To Joelle Leandre, the double bass is a supple little fiddle, the rigors of "new music" provide an open-ended playground, and the lines between modern forms of improvisation turn out to be dotted (if they exist at all). On the one hand, Leandre belongs to the Ensemble Intercontemporain, founded by her countryman Pierre Boulez, and has inspired works by a slew of contemporary composers, including John Cage; on the other, she has worked with an impressive roster of those who ply the new-music waters from jazz shores--including Anthony Braxton, Butch Morris, Britishers saxist Evan Parker and drummer Tony Oxley, cellist Tom Cora, and the grande dame of Europe's avant-garde, Irene Schweizer. Leandre displays an unquestionable and self-assured virtuosity: the strength of her playing lies not in its excesses but in its restraint. (And thus, in the best Boulezian tradition, she focuses attention on content rather than stylistic excess.) Virtually unknown in the U.S., this remarkable musician will offer a solo recital that features her versatile mezzo-soprano voice in tandem with--and sometimes in striking opposition to--the dark dryness she elicits from the bass. Tonight, 9 PM, Southend Musicworks, 1313 S. Wabash; 939-2848.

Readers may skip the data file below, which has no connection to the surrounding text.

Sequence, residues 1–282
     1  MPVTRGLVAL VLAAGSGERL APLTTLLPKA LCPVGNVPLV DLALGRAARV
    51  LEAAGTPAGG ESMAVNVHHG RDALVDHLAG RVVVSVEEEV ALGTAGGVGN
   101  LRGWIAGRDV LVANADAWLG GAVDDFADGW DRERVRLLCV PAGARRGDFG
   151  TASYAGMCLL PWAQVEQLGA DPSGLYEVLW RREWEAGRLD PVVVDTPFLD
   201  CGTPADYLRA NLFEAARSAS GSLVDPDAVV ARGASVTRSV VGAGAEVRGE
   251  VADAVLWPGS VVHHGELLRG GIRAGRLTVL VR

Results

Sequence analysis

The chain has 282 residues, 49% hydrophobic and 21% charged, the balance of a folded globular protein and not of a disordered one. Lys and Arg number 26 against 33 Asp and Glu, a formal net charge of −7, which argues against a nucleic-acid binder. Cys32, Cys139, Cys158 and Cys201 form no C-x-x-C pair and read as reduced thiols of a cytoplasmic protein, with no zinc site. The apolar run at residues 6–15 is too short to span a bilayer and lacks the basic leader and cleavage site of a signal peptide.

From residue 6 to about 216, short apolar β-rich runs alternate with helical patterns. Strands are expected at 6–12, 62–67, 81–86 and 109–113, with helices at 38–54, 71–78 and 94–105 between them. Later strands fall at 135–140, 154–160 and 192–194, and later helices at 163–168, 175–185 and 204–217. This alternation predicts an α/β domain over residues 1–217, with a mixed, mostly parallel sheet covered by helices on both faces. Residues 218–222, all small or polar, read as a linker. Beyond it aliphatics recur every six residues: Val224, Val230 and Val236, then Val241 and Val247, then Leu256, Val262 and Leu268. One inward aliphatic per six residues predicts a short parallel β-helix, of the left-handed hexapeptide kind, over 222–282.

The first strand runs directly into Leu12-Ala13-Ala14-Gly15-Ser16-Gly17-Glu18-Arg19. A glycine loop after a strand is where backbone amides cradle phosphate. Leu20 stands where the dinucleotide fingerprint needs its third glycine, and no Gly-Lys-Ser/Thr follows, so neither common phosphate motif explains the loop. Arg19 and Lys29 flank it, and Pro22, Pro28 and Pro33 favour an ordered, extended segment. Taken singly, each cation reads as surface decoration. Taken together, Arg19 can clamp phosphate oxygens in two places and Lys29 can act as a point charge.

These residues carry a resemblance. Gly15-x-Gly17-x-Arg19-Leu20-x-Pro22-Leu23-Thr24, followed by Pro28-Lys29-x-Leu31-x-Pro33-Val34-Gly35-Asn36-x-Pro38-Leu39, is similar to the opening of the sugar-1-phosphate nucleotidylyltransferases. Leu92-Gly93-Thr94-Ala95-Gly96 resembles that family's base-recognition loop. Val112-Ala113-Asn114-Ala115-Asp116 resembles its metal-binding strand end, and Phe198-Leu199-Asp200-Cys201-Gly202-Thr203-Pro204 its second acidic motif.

Art accompanying story in printed newspaper (not available in this archive): photo/Yvan Teule.